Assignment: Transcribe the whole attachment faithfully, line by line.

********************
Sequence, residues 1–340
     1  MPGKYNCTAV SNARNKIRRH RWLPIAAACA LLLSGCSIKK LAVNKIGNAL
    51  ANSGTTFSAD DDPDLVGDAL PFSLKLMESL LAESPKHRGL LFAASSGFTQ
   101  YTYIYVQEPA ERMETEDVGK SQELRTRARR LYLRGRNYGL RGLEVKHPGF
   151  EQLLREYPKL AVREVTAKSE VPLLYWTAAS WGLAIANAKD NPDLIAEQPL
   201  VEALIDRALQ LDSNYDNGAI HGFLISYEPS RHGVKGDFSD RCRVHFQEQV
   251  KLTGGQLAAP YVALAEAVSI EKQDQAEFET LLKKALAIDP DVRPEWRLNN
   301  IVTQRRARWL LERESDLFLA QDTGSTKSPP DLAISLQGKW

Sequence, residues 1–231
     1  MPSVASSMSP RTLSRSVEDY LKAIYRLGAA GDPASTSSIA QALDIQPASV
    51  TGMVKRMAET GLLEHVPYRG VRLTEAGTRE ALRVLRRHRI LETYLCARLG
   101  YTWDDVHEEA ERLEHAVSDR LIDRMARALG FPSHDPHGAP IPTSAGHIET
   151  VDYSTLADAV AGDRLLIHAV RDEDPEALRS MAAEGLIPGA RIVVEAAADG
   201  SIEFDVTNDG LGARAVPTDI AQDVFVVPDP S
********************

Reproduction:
Sequence, residues 1–340
     1  MPGKYNCTAV SNARNKIRRH RWLPIAAACA LLLSGCSIKK LAVNKIGNAL
    51  ANSGTTFSAD DDPDLVGDAL PFSLKLMESL LAESPKHRGL LFAASSGFTQ
   101  YTYIYVQEPA ERMETEDVGK SQELRTRARR LYLRGRNYGL RGLEVKHPGF
   151  EQLLREYPKL AVREVTAKSE VPLLYWTAAS WGLAIANAKD NPDLIAEQPL
   201  VEALIDRALQ LDSNYDNGAI HGFLISYEPS RHGVKGDFSD RCRVHFQEQV
   251  KLTGGQLAAP YVALAEAVSI EKQDQAEFET LLKKALAIDP DVRPEWRLNN
   301  IVTQRRARWL LERESDLFLA QDTGSTKSPP DLAISLQGKW

Sequence, residues 1–231
     1  MPSVASSMSP RTLSRSVEDY LKAIYRLGAA GDPASTSSIA QALDIQPASV
    51  TGMVKRMAET GLLEHVPYRG VRLTEAGTRE ALRVLRRHRI LETYLCARLG
   101  YTWDDVHEEA ERLEHAVSDR LIDRMARALG FPSHDPHGAP IPTSAGHIET
   151  VDYSTLADAV AGDRLLIHAV RDEDPEALRS MAAEGLIPGA RIVVEAAADG
   201  SIEFDVTNDG LGARAVPTDI AQDVFVVPDP S